State Senator John J. Bonacic (R/I/C – Mt. Hope), today said that his legislation prohibiting the Division of State police from limiting troopers ability to plea bargain with motorists charged with vehicle and traffic law violations, other than alcohol or drug related charges, was approved by the Senate. The bill is sponsored in the Assembly by Assemblyman Joseph Lentol.
It was recently announced that the Division of State Police would be changing the way "plea-bargaining" occurs – prohibiting troopers from doing it and instead handing off the job to localities, but without additional revenue to pay for the costs incurred by the local counties.
The plan has drawn significant concern from counties, local judges, district attorneys and troopers. The concerns relate to the fact that prosecutors are paid for with local property taxes and State troopers are paid through the State. The effect of the policy change would be to shift the cost of prosecutions to localities, thereby placing an additional burden on property taxpayers while not even necessarily reducing State costs.
State Police brass said the move was made because it was unethical to have troopers plea bargaining with motorists. "I find it difficult to believe that State police brass let a policy go on for years while they privately believed it to be repugnant or unethical. I think there is a different motive in this policy change," Bonacic said.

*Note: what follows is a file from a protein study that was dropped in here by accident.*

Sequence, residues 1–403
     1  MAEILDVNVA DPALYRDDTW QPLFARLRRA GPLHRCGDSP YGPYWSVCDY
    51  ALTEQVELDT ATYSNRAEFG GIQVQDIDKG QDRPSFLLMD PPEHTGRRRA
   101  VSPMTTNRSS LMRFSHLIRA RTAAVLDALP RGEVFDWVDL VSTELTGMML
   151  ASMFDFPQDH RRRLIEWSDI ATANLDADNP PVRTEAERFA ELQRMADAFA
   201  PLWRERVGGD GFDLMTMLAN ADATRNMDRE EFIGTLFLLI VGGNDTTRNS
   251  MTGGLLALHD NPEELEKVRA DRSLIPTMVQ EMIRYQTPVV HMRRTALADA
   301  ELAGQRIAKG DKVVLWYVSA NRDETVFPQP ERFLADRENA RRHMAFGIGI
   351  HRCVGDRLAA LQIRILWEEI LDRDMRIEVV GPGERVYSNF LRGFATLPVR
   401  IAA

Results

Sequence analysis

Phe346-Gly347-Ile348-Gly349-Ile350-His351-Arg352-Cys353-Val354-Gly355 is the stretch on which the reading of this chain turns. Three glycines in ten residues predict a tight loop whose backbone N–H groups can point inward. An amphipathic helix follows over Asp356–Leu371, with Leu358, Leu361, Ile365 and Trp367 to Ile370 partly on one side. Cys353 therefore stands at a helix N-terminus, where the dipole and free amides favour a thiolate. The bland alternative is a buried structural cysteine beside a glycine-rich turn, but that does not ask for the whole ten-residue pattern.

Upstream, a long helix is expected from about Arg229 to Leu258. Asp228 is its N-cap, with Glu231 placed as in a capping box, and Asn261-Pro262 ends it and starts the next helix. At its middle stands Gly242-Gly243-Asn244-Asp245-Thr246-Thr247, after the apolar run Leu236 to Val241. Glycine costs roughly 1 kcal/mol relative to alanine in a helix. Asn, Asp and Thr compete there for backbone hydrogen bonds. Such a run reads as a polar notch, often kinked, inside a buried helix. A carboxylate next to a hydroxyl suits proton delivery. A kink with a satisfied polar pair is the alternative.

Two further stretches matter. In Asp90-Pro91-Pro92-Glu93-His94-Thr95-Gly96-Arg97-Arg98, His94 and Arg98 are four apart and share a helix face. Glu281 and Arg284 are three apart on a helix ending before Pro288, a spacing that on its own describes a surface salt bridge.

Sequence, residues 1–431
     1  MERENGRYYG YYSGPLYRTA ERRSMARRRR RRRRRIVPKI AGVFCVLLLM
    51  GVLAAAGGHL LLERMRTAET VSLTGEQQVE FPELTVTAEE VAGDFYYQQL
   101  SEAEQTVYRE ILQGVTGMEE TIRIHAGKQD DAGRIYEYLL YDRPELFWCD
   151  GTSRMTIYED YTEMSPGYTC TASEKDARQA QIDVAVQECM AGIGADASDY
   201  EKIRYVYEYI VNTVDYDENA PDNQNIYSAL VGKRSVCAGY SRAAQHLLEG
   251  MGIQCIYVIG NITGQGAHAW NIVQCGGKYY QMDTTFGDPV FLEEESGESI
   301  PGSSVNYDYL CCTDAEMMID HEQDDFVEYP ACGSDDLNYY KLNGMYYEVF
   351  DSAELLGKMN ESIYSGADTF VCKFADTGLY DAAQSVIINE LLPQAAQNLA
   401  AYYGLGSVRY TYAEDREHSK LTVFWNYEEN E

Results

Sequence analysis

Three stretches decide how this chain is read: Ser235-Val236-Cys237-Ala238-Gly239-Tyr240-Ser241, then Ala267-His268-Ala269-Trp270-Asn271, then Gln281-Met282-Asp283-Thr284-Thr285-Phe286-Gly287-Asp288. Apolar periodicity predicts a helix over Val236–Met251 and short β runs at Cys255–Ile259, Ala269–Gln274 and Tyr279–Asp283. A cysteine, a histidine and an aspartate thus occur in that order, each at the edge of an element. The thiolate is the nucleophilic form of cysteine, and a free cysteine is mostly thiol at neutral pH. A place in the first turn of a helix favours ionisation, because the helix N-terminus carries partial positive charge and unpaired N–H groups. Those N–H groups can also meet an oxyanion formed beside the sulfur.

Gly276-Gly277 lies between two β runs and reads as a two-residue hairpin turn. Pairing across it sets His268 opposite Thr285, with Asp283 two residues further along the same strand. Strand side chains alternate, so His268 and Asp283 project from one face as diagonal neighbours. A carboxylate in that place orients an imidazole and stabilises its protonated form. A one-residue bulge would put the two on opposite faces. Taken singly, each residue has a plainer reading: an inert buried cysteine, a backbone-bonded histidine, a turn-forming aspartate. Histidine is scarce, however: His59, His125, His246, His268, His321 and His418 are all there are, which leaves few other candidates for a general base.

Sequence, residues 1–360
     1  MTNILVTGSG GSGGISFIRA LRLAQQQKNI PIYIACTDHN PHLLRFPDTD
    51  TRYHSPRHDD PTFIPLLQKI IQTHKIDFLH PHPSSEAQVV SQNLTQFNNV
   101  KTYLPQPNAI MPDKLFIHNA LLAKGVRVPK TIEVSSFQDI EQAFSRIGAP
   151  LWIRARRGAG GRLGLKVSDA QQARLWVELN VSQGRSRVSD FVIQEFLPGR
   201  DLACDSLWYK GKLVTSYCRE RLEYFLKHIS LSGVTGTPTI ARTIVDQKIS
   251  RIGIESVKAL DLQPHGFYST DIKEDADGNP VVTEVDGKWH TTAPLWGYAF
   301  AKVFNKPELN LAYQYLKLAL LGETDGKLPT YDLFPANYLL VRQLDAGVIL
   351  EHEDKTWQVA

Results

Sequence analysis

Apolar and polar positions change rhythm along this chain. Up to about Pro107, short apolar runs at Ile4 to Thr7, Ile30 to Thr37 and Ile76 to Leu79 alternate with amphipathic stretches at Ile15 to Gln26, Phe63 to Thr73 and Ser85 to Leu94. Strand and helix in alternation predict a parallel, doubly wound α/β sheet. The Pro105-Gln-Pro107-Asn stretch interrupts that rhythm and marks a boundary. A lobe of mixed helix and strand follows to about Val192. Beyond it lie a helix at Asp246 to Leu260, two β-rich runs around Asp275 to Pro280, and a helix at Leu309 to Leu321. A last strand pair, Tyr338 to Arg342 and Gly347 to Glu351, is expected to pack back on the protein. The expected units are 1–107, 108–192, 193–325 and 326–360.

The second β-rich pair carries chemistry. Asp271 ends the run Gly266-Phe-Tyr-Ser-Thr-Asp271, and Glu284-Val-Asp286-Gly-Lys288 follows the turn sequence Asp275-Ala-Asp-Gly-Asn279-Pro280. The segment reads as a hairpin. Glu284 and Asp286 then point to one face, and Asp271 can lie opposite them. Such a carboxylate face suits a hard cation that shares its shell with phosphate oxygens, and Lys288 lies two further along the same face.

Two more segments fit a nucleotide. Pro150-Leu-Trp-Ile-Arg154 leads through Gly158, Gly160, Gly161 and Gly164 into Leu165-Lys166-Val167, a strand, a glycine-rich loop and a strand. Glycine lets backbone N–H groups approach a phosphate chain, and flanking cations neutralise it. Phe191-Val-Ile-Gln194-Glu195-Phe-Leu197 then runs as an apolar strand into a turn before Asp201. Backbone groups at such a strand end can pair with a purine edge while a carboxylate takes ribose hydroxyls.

Typically when motorists are pulled over and ticketed, if the motorist pleads not guilty, they are offered the chance to plead guilty to a different charge on the day of trial. The different charge may or may not carry "points", but typically will not impact insurance rates as much as a speeding ticket does.
Explaining the consequences of the policy change, Bonacic added, "That means a potential extra trip to the courthouse for the motorist, and an extra law enforcement official – in this case a prosecutor, funded by real property taxes, in the courtroom at the same time as the Trooper. That simply makes no sense in terms of judicial economy or fiscal policy. Anytime you are paying two law enforcement officials to obtain the same result it used to take just one of them to obtain, the taxpayer is getting a raw deal."
The Senator noted that troopers now have the option of requesting a DA to prosecute a particularly troublesome case. "I don’t know too many troopers who call a DA for help on vehicle and traffic violations. However, I know of no DA’s in this State who would tell a trooper who requests help, that they aren’t available," Bonacic said.
"Speaking as someone whose been there as an Assistant District Attorney, a County Legislator, and now a State Senator, I’d rather invest $1 million locally to put more police on the street, than put $1 million worth of lawyers in traffic courts. I am pleased my colleagues in the Senate supported this measure," said Bonacic.
The Bonacic bill will now be sent to the Assembly for action.